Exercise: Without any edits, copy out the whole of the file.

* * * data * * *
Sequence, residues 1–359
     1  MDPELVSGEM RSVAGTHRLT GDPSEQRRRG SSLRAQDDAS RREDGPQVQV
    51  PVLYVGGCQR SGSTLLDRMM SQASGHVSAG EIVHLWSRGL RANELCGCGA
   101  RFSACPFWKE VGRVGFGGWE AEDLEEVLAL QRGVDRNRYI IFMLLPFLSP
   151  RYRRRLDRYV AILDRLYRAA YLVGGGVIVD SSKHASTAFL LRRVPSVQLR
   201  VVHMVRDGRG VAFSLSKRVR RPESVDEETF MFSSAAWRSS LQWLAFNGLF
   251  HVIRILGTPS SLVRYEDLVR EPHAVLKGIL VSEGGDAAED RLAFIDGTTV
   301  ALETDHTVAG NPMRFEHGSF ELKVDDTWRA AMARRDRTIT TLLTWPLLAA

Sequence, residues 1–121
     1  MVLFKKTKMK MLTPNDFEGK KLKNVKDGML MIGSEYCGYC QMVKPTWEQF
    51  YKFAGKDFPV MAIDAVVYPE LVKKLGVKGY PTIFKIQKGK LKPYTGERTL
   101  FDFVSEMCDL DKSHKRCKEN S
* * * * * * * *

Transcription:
Sequence, residues 1–359
     1  MDPELVSGEM RSVAGTHRLT GDPSEQRRRG SSLRAQDDAS RREDGPQVQV
    51  PVLYVGGCQR SGSTLLDRMM SQASGHVSAG EIVHLWSRGL RANELCGCGA
   101  RFSACPFWKE VGRVGFGGWE AEDLEEVLAL QRGVDRNRYI IFMLLPFLSP
   151  RYRRRLDRYV AILDRLYRAA YLVGGGVIVD SSKHASTAFL LRRVPSVQLR
   201  VVHMVRDGRG VAFSLSKRVR RPESVDEETF MFSSAAWRSS LQWLAFNGLF
   251  HVIRILGTPS SLVRYEDLVR EPHAVLKGIL VSEGGDAAED RLAFIDGTTV
   301  ALETDHTVAG NPMRFEHGSF ELKVDDTWRA AMARRDRTIT TLLTWPLLAA

Sequence, residues 1–121
     1  MVLFKKTKMK MLTPNDFEGK KLKNVKDGML MIGSEYCGYC QMVKPTWEQF
    51  YKFAGKDFPV MAIDAVVYPE LVKKLGVKGY PTIFKIQKGK LKPYTGERTL
   101  FDFVSEMCDL DKSHKRCKEN S